Amanda Gorman

Amanda Gorman's Impact on Social Issues Through Poetry


Dec. 22 2023, Published 7:35 p.m. ET

While still young, Amanda Gorman has achieved a lot in her career as a poet. Born in 1998 in Los Angeles, Calif., she grew up reading and writing, which would lead her into poetry. Over the years, she continued to hone her skills. In 2015, she published her first poetry book, "The One for Whom Food Is Not Enough."

To share her passion for poetry and writing in general, Amanda founded the One Pen One Page nonprofit organization in 2016. The organization's main focus is to provide free creative writing programs to underprivileged youth.

Importantly, the nonprofit organization gave her the first avenue to use poetry to tackle social inequality in a meaningful and practical way.

She was the inaugural Los Angeles Youth Poet Laureate and held the position between 2014 and 2015. The position allowed Amanda to work with the Los Angeles County Commission on Human Relations to develop youth programs.

At 17 years old, Amanda was also named the National Youth Poet Laureate.

In 2016, Amanda enrolled at Harvard University and studied, graduating cum laude in 2020

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U.S. Presidential Inauguration

At the 2020 U.S. presidential inauguration, Amanda joined a small group of poets to recite their work at a presidential inauguration, including Maya Angelou, Robert Frost, Miller Williams, Richard Blanco, and Elizabeth Alexander. However, being 22 years old, she became the youngest inaugural poet.

Her poem was a passionate call for unity and social change. She sought to foster a sense of collective purpose and hope amid the deadly 2020 pandemic, partisan division, and political violence.

In an interview with the Washington Post in the days leading to the inauguration, Amanda said she hoped her poem would be a moment of unity of the country and her words would speak "a new chapter and era for our nation."

Super Bowl Poem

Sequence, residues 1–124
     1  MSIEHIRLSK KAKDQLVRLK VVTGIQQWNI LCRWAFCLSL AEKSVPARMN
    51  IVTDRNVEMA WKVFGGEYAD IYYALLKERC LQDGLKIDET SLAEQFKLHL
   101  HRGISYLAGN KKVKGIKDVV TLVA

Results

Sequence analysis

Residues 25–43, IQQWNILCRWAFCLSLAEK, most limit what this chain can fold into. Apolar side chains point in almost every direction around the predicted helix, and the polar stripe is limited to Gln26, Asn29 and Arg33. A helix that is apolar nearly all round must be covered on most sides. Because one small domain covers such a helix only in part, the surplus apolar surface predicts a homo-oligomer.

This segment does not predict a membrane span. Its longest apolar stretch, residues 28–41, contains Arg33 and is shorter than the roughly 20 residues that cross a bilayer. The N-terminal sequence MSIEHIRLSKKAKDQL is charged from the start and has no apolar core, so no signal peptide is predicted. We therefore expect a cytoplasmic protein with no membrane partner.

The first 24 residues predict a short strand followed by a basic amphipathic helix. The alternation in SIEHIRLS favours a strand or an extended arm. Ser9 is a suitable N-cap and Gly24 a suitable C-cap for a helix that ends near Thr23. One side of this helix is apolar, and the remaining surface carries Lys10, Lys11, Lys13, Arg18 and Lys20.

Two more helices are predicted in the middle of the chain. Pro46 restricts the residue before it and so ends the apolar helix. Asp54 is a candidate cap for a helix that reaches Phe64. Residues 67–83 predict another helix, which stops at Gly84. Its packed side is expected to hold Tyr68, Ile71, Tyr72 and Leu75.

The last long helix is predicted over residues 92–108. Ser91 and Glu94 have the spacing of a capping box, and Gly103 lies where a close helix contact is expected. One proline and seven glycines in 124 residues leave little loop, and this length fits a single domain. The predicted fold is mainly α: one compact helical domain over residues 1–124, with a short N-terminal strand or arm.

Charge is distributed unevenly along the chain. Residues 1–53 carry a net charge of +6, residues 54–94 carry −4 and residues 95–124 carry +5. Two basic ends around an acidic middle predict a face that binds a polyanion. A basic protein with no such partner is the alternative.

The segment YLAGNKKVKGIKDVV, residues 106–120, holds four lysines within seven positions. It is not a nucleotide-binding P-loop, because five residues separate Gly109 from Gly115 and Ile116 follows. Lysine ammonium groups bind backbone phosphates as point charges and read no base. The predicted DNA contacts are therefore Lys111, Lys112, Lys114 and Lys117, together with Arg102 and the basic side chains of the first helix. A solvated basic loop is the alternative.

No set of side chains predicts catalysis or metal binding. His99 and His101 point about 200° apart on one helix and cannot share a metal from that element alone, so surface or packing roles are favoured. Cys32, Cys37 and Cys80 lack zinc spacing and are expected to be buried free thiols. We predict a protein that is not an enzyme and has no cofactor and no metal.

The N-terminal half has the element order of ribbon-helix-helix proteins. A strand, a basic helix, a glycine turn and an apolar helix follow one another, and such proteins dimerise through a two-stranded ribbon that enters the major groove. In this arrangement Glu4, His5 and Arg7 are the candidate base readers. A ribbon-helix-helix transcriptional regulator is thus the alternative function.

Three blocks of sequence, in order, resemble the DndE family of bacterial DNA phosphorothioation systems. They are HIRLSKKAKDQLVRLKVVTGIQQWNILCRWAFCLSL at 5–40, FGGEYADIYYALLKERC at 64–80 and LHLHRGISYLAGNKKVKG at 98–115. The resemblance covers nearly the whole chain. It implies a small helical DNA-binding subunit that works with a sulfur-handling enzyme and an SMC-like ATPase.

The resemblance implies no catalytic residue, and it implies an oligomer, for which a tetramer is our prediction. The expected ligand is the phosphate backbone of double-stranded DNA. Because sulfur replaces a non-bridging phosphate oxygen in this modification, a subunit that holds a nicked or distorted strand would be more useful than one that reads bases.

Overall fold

In 2021, she presented an original during the Super Bowl, celebrating the honorary captains Trimaine Davis, nurse manager Suzie Dorner, and Marine veteran James Martin. Her poem not only highlighted the community leadership the three had shown during the global pandemic but also celebrated their efforts to impart positivity in their communities.

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Devout Activism Through Poetry

Aside from making high-profile public recitals of her original poems, she has used her undeniable ability to connect with the masses to speak about social issues. As a renowned activist, she uses her poetic talents to shine a light on social ills ranging from sexism, racism, police brutality, and animal cruelty. She uses her art to pique people's interest in the issues she holds dear to heart.

Amanda has followed the long tradition of poets speaking about current issues and the political climate in her work to push for and inspire positive change. Like many poets in the past have done, she is very vocal in agitating for justice while being positive-minded.

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Speaking with Variety, she noted, "It's quite easy when you turn on the news to see a world that is vengeful and scarred and poisoned."

She continued, saying, "That's what gets the shares, the headlines. But as much evil as I see, there is far more good. I just have to make myself willing and open to seeing it."

Climate Activism

She is also a renowned activist for climate change issues. Amanda has presented climate crisis-centric poems on numerous occasions. For instance, she recited "Earthrise" at the Los Angeles Climate Reality Leadership Corps Training (2018) and TED Conference.

At the 2022 United Nations General Assembly, she performed her "An Ode We Owe" poem, which touches on issues of poverty, climate change, and how the young citizens of the world can help stem the tide of climate change.

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Her poem weaved in many of the issues she cared about, creating a complete picture of her view to her audience. Speaking to NPR.Org, Amanda said she tried to paint a picture that put "inequality, youth empowerment, sustainability all in conversation with each other."

She continued, saying, "That is to say, in order to fight climate change, we have to fight poverty. We have to fight hunger. We have to fight the prejudicial isms of the world," before concluding, "And if we do it together, then it can absolutely be done."

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